From school years 1988–89 through 2008–09, total elementary and secondary public school revenues increased from $350 billion to $611 billion, a 74 percent increase after adjusting for inflation.
From school years 1988–89 through 2008–09, total elementary and secondary public school revenues increased from $350 billion to $611 billion (in constant 2010–11 dollars), a 74 percent increase (see table A-19-1). During this period, the total amounts from each revenue source (federal, state, and local) increased, but the percentage of increase differed by revenue source. Federal revenues, the smallest of the three revenue sources, increased by 169 percent, compared with increases of 70 percent for state revenues and 66 percent for local revenues.
The percentage of total revenues for public elementary and secondary education that came from local sources declined from 46 percent in school year 1988–89 to 44 percent in 2008–09. While the percentage coming from state sources was nearly the same in school years 1988–89 and 2008–09 (48 and 47 percent, respectively), the percentage fluctuated between these two years from a low of 45 percent in 1993–94 to a high of 50 percent in 2000–01. The percentage of total revenues from federal sources increased from 6 percent in school year 1989–90 to 10 percent in school year 2008–09.
Looking at revenues from school years 2007–08 to 2008–09, state revenues declined by $9.7 billion. This decline, which occurred in 25 states (data not shown), is the largest decline in state revenues from the previous year since World War II. Local revenue from sources other than property taxes also declined. Total revenues for public education increased slightly, however, due to an $8.6 billion increase in federal revenues and a $6.8 billion increase in local property taxes.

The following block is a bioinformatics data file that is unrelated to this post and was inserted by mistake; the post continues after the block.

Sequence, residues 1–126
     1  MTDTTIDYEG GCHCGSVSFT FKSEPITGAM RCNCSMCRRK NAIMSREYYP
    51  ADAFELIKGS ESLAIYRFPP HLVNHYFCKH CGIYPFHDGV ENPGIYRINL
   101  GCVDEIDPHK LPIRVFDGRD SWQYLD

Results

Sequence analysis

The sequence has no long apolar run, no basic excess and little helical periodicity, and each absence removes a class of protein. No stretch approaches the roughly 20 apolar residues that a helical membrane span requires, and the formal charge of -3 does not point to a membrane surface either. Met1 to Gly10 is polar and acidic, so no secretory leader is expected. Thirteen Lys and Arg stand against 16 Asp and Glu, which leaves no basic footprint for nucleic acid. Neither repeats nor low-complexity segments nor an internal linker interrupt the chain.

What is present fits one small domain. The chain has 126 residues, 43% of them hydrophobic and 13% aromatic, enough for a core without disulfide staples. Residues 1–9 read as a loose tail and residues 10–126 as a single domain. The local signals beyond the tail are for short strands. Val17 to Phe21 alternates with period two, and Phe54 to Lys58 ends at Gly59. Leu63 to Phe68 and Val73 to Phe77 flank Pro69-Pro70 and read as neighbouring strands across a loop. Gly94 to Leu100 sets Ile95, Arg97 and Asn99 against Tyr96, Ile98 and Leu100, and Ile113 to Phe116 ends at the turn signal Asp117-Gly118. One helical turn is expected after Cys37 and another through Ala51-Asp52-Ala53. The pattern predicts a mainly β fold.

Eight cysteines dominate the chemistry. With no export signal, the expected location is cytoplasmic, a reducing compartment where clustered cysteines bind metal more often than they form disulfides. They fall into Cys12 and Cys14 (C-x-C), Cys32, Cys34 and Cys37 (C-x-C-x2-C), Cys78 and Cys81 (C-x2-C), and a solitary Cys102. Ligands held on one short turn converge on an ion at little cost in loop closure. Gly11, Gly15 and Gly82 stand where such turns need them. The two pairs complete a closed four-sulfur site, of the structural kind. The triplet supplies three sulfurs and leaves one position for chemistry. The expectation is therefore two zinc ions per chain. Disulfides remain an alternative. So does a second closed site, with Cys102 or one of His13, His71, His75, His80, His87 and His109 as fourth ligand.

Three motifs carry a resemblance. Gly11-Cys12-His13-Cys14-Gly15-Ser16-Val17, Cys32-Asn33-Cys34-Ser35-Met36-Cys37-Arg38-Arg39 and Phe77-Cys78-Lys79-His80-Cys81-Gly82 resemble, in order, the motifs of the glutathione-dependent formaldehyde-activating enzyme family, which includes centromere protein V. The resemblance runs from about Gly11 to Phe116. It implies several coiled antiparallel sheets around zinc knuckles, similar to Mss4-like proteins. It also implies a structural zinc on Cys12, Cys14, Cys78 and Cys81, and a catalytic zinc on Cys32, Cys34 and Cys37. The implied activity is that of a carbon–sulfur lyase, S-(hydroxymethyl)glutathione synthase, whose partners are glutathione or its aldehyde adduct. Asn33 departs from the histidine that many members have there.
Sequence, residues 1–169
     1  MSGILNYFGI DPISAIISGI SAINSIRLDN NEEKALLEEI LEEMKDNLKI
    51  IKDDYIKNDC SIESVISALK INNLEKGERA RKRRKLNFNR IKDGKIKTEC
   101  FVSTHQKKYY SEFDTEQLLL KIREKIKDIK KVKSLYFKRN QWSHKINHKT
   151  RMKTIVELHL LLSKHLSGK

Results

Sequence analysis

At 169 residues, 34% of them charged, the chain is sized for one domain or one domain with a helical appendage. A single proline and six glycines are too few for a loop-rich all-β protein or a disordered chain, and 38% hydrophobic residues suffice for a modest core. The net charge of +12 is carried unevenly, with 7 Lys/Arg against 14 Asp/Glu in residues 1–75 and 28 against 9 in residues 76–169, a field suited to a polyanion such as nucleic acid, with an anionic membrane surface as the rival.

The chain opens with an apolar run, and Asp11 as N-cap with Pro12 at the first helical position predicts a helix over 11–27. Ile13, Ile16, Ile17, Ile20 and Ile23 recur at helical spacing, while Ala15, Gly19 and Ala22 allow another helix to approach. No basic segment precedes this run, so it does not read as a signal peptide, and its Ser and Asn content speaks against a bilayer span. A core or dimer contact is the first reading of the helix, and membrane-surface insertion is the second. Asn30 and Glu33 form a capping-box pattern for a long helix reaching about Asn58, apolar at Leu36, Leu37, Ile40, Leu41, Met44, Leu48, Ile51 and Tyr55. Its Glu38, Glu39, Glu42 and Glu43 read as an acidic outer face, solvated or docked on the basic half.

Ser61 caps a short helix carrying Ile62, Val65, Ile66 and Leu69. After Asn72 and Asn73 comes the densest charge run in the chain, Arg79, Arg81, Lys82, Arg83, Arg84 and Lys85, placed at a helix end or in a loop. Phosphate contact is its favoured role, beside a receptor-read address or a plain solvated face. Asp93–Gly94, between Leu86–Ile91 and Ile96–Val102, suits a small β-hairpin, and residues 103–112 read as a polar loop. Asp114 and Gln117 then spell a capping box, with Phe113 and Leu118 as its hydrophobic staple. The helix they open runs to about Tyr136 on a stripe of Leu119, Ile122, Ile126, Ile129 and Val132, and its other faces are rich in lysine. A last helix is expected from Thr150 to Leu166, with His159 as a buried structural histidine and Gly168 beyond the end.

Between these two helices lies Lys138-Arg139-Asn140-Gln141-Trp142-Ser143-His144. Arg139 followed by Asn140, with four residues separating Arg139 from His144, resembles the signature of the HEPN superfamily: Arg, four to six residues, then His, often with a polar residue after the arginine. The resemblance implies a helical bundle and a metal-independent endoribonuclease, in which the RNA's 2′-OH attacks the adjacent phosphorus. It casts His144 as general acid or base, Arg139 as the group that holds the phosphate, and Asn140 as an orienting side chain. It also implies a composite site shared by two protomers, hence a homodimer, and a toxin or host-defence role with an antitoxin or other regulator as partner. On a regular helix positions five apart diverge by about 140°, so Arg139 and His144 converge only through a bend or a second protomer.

In school year 2008–09, there were significant variations across the states in the percentages of public school revenues coming from each revenue source. In 21 states, more than half of education revenues came from state governments, while in 14 states and the District of Columbia more than half came from local revenues. In the remaining 15 states, no single revenue source made up more than half of education revenues (see table A-19-2).
In school year 2008–09, the percentages of revenues coming from state sources were highest in Vermont and Hawaii (86 and 82 percent, respectively). The percentages of revenues coming from state sources were lowest in Nevada and Illinois (31 and 28 percent, respectively). The District of Columbia does not receive any state revenue. The percentages of revenues coming from federal sources were highest in South Dakota and Louisiana (16 percent each) and lowest in New Jersey and Connecticut (4 percent each). Among the states, the percentages of revenues coming from local sources were highest in Illinois (61 percent) and lowest in Hawaii (3 percent) and Vermont (8 percent). The percentages of revenues from property taxes also differed by state, ranging from a high of 55 percent in Connecticut and New Hampshire to lows of zero or nearly zero percent in Hawaii and Vermont.
Revenues have been adjusted for the effects of inflation using the Consumer Price Index (CPI) and are in constant 2010–11 dollars. For more information about the CPI, see Appendix C – Finance . Both the District of Columbia and Hawaii have only one school district each; therefore, neither is comparable to the other states. Other local government revenue includes revenues from sources such as local nonproperty taxes and investments, as well as revenues from student activities, textbook fees, transportation and tuition fees, and food services. For more information about revenues for public elementary and secondary schools, see Appendix C – Finance . For more information about the Common Core of Data, see Appendix B – Guide to Sources.
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